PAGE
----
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Italian Yearbook of Human Rights 2016

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Edited By Centro di Ateneo per i Diritti Umani

The Italian Yearbook of Human Rights 2016 provides a dynamic and up-to-date overview of the measures Italy has taken to adapt its legislation and policies to international human rights law and to comply with commitments voluntarily assumed by the Italian Government at the international level.

The 2016 Yearbook surveys the activities of the relevant national and local Italian actors, including governmental bodies, civil society organisations and universities. It also presents reports and recommendations that have been addressed to Italy in 2015 by international monitoring bodies within the framework of the United Nations, the Council of Europe and the European Union. Finally, the Yearbook provides a selection of international and national case-law that casts light on Italy's position vis-à-vis internationally recognised human rights.

"Italy and Human Rights in 2015: Universal Ethics, Good Governance and Political Realism" is the focus of the introductory section of the Yearbook. Starting with the 1948 Universal Declaration of Human Rights, international human rights law plunged onto the world stage with very specific principles and rules, which represent so many points that are essential not only for the legality but also for the sustainability of the political agenda. The universal code of human rights, widely ratified by Italy, presses for a continuous commitment to perfecting the legal order, which has immediate significance for the good governance agenda.

The Italian Agenda of Human Rights 2016 represents an updated orientation tool with regards the main initiatives to be undertaken on the legislative, infrastructural and policy-making fronts in order to strengthen the Italian system for promoting and protecting human rights.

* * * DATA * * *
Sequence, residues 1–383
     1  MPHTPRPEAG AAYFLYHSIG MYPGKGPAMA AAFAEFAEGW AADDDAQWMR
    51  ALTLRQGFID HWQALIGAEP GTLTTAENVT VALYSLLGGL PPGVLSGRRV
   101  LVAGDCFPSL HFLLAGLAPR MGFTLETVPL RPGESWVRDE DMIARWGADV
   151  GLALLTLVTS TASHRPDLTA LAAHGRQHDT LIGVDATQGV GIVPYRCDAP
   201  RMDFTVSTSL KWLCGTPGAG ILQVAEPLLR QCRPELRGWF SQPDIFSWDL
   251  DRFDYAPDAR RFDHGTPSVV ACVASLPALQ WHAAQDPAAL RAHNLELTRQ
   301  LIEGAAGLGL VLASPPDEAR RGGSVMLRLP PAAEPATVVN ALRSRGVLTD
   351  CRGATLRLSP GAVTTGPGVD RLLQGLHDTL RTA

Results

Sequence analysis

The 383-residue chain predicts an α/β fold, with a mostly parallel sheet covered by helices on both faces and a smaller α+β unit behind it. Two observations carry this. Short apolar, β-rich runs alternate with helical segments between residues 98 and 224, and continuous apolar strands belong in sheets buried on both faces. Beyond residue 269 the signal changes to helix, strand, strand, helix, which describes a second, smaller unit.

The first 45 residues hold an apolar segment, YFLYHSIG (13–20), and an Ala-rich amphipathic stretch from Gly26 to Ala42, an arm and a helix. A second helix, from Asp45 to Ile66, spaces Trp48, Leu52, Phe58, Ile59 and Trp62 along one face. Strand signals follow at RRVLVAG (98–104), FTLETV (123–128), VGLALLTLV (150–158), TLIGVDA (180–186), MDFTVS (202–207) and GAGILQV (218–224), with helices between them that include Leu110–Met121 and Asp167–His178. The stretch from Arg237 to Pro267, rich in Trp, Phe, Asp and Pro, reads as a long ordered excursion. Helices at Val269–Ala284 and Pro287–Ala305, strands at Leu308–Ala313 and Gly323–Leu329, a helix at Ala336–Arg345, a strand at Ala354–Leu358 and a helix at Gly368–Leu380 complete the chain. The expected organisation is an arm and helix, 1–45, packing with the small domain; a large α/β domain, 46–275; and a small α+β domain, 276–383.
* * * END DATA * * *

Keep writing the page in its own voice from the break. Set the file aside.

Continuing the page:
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The United Nations System

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I. General Assembly

The General Assembly (GA), which is the main deliberative body of the United Nations, comprises six Committees, each of which is made up of all 193 United Nations Member States. Human rights issues are handled mainly within the Third Committee (the Social, Humanitarian and Cultural Committee). The responsibilities of this Committee include issues such as torture and other cruel, inhuman and degrading treatment or punishment; the advancement of women; the rights of refugees and displaced persons; the promotion and protection of the rights of children; the rights of indigenous peoples; the elimination of racism, racial discrimination, xenophobia and related intolerance; the right of peoples to self-determination; and social development.

In December 2015, the 70th General Assembly adopted 57 human rights resolutions which had been debated and approved by the Third Committee during October and November, on a wide range of issues, from the worldwide refugee crisis to the rights of the child, from the rights of human rights defenders to specific situations in individual Countries.

In 2015 Italy’s Permanent Representative to the United Nations in New York was Ambassador Sebastiano Cardi; the Deputy Permanent Representative was Ambassador Inigo Lambertini; the Embassy Counsellor Emilia Gatto was responsible for following the works of the Third Committee. On 15 June 2015, Ambassador Cardi was elected (by acclamation) Deputy President of the 70th session of the GA.

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